By: Marissa Markus

Also on May 11th, Frank and I visit Meridian Lake Reservoir near Mount Crested Butte. Frank visits Meridian Lake Reservoir every month to inspect and report the storage amount, percent capacity, seepage, and any net changes in storage. He shares his most recent report from late March when he visited the lake with Water Commissioner, Tom Rozman, so that I have a sense of what I am getting myself into. As an intern, I had no choice but to roll up my pantlegs and cross the icy waters of Washington Gulch to access Meridian Lake Reservoir. Thankfully, Frank crosses first, and he throws me a life line by tossing his trekking poles back for me to use.  As you can see in the picture, after we wade the creek, there is still a little snow that we push through to conduct this month’s inspection. Making my way through the creek and snow, up a steep hill and to the water’s edge, I think back to my last visit to Meridian Lake Reservoir in the summer of 2008. At the time, I had had no idea that I was swimming in a dammed lake. Well, I’ll be damned if such a small structure is considered a dam! And although I enjoyed my first swim in the lake back in 2008, I am not eager to take a dip this trip. . . I am there to observe and learn.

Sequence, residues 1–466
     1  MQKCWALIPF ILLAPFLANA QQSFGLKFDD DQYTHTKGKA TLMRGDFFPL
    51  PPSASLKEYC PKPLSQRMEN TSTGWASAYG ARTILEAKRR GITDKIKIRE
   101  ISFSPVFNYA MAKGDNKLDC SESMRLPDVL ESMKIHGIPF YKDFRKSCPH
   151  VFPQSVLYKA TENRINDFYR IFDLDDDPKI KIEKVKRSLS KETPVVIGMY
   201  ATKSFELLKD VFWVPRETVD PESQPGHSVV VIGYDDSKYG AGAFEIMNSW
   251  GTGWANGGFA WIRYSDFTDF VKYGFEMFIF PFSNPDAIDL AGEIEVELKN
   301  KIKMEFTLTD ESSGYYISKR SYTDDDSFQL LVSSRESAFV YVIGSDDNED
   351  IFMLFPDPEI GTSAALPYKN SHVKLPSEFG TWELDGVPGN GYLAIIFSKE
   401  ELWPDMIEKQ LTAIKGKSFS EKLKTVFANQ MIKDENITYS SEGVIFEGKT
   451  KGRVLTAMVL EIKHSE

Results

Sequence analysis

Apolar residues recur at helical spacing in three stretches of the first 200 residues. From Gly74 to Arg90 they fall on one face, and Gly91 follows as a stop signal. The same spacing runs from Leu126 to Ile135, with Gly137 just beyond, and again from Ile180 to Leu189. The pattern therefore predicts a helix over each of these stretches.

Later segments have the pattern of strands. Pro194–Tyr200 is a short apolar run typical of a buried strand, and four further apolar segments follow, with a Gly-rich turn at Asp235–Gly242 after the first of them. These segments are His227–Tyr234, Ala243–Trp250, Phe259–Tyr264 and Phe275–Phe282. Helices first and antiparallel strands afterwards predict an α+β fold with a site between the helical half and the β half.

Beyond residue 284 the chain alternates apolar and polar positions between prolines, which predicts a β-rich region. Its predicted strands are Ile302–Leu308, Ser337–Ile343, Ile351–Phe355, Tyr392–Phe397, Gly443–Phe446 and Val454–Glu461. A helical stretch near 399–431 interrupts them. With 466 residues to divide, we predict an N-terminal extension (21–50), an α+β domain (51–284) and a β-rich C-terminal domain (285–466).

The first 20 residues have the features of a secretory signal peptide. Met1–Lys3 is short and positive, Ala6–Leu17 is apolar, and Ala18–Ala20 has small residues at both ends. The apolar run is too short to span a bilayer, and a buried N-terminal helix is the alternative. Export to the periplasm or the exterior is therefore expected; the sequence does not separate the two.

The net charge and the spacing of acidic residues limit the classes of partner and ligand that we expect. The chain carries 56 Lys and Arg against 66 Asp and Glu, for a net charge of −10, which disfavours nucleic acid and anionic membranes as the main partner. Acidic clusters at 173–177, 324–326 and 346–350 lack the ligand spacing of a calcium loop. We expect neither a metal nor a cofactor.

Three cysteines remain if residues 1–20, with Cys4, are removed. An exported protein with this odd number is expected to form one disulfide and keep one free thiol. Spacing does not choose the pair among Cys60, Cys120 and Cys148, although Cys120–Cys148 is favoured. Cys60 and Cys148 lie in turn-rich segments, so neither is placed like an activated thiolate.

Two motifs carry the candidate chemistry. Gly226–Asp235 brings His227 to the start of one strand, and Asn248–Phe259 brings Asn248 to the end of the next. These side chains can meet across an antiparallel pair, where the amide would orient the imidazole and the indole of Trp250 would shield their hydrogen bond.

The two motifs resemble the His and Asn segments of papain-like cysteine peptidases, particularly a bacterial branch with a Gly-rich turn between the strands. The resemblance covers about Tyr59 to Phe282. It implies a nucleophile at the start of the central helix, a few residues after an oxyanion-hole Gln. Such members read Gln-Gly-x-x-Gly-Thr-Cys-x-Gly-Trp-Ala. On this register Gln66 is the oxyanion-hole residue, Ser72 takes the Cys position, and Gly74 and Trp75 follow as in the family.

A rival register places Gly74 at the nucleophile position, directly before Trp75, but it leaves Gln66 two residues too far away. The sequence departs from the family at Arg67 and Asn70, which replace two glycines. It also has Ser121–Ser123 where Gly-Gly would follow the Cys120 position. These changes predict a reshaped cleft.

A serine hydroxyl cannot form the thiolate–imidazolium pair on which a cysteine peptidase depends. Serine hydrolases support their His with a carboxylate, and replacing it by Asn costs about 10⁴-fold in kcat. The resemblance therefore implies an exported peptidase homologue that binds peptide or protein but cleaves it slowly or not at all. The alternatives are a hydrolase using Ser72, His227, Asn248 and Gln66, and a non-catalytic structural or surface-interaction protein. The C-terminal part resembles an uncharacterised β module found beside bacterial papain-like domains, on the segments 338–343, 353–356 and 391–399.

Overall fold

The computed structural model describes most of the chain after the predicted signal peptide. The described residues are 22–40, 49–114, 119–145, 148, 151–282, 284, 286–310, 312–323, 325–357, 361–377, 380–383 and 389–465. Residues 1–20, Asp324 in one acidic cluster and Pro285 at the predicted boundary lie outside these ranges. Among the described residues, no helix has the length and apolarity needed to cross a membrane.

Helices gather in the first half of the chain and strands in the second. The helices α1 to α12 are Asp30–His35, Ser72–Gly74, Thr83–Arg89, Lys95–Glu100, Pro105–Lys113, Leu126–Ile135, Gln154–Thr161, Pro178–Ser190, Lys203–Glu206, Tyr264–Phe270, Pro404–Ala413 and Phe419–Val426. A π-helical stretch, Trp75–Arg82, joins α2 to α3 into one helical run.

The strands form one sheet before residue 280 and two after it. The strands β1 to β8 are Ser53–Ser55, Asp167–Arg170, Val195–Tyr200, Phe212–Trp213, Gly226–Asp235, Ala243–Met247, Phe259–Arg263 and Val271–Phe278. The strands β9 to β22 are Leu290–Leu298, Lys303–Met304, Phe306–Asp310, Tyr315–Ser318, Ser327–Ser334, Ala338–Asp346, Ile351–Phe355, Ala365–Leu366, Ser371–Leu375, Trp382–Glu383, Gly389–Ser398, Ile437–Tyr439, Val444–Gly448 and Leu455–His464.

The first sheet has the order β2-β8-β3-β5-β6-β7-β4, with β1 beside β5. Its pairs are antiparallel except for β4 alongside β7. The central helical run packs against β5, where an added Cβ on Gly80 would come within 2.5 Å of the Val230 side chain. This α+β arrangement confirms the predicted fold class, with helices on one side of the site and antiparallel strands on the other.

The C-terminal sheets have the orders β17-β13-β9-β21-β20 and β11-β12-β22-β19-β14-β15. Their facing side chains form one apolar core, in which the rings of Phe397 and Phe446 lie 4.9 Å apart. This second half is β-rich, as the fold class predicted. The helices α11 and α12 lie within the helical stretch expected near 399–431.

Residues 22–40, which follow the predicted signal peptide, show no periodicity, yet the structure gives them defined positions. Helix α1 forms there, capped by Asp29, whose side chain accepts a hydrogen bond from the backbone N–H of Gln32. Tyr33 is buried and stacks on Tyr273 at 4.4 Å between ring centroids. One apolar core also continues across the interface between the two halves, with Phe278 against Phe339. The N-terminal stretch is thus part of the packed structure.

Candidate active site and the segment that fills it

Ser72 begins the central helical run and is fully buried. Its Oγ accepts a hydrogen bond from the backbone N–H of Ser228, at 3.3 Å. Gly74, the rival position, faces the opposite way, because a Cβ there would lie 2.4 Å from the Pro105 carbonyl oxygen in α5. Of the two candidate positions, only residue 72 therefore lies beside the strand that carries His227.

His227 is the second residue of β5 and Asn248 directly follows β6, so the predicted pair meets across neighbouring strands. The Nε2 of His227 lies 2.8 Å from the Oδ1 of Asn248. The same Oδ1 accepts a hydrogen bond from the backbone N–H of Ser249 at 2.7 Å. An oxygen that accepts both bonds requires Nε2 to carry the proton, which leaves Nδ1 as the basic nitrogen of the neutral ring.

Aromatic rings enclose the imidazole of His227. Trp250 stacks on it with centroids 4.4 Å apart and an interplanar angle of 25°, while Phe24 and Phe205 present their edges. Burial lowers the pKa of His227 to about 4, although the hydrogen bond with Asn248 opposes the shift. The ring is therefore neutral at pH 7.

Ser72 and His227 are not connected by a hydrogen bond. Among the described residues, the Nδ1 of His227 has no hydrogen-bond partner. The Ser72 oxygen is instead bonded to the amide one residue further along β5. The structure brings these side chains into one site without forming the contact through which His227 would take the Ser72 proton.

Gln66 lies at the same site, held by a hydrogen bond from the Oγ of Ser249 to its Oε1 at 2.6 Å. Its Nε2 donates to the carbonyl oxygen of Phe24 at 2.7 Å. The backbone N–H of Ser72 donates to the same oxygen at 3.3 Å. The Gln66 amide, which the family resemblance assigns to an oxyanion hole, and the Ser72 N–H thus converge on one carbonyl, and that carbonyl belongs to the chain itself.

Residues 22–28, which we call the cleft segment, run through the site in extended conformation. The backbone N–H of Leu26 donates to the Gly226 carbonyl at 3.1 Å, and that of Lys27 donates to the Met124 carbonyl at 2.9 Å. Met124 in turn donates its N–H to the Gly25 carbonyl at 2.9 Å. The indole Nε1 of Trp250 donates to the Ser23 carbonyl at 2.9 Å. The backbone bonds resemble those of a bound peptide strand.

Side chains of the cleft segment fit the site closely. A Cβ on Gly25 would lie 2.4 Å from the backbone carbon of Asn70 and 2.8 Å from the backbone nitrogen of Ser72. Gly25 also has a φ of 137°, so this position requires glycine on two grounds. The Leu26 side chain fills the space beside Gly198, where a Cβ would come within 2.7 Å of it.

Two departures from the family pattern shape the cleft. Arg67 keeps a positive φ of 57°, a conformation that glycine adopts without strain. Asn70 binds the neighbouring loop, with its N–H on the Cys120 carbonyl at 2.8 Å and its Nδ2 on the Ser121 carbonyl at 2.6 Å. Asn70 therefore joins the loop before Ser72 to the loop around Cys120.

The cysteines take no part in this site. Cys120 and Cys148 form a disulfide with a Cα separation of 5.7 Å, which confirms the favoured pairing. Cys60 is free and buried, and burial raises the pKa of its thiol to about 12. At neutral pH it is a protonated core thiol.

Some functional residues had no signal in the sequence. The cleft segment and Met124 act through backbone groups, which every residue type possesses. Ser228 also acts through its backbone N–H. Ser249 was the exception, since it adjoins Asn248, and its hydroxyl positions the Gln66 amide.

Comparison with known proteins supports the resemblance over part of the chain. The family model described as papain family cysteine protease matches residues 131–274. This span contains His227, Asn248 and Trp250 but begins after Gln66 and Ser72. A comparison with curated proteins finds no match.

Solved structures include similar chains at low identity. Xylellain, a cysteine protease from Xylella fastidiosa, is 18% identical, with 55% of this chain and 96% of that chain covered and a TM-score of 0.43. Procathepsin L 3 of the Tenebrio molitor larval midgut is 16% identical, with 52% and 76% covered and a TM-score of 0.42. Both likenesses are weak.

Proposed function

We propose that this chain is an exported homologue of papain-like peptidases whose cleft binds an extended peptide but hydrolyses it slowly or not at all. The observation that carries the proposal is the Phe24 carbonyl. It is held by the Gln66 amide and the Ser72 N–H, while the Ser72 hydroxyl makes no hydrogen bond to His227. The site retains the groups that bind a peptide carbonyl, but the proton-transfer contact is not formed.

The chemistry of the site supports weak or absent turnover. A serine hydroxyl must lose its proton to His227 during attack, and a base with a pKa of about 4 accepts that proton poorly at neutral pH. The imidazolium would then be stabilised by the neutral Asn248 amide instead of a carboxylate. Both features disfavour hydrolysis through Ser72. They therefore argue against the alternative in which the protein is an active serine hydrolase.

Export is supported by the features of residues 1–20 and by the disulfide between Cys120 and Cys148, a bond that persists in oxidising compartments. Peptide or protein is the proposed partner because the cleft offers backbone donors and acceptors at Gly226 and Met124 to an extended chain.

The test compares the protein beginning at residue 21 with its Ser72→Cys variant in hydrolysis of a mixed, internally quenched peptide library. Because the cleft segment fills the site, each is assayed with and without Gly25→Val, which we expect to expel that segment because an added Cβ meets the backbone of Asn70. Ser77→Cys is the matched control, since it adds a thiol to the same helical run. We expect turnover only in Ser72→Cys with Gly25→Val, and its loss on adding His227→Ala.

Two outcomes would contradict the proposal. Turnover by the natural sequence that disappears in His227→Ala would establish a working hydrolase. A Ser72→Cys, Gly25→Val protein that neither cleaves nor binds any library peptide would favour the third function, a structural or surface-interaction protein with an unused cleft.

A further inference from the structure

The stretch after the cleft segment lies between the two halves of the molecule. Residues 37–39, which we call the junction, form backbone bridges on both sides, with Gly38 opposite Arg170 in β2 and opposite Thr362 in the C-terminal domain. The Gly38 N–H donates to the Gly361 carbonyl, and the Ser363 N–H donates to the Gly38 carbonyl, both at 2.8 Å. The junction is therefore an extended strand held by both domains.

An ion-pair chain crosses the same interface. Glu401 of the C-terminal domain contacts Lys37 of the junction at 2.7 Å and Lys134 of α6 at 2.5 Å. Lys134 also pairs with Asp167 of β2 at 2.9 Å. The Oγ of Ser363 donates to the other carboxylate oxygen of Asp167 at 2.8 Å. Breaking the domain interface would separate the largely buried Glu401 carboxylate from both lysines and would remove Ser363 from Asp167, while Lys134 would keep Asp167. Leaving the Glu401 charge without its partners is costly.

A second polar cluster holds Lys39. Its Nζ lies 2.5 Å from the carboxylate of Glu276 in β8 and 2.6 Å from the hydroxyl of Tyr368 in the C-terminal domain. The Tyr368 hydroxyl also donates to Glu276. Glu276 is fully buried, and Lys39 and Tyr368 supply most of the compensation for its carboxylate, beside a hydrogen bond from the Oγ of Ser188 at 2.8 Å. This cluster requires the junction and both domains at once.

Frank informs me that Meridian Lake Reservoir was formed naturally by beaver damming, and then some time in the 1950’s, the Rozman family constructed a little dam to maintain water storage. The lake became a focus for the Upper Gunnison River Water Conservancy District in 1998 because of nearby development and augmentation. Then the 2002/2003 drought exposed the vulnerability of basin water users to senior downstream water rights, and it was time to take action. In 2005, the Upper Gunnison River Water Conservancy District purchased the water rights from the Rozman family in response to the need for an augmentation plan. They rebuilt the dam to current standards, and Meridian Lake Reservoir now serves augmentation needs for junior uses on Washington Gulch, Slate River, and the Upper East River.  It was purchased for $750,000, and after 12 years, UGRWCD just achieved cost neutrality.  We are very fortunate that the UGRWCD voluntarily took this responsibility upon themselves. A lack of planning by public officials and developers could have left homeowners up a creek without a paddle…. While it continues to serve constituents with affordable water replacement for depletions, it also serves as a popular destination for the recreation and fishing communities. That’s why you’ll find me wading the stream crossing once again this summer.